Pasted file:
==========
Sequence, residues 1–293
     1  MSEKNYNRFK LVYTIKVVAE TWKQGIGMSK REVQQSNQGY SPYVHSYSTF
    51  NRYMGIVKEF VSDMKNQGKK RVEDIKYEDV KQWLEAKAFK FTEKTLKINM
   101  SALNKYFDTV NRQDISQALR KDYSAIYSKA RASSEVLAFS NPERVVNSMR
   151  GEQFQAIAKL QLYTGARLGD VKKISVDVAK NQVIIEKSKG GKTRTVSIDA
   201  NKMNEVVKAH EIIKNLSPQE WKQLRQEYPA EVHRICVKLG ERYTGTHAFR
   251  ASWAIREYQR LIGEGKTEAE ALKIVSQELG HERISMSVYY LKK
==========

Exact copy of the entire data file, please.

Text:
Sequence, residues 1–293
     1  MSEKNYNRFK LVYTIKVVAE TWKQGIGMSK REVQQSNQGY SPYVHSYSTF
    51  NRYMGIVKEF VSDMKNQGKK RVEDIKYEDV KQWLEAKAFK FTEKTLKINM
   101  SALNKYFDTV NRQDISQALR KDYSAIYSKA RASSEVLAFS NPERVVNSMR
   151  GEQFQAIAKL QLYTGARLGD VKKISVDVAK NQVIIEKSKG GKTRTVSIDA
   201  NKMNEVVKAH EIIKNLSPQE WKQLRQEYPA EVHRICVKLG ERYTGTHAFR
   251  ASWAIREYQR LIGEGKTEAE ALKIVSQELG HERISMSVYY LKK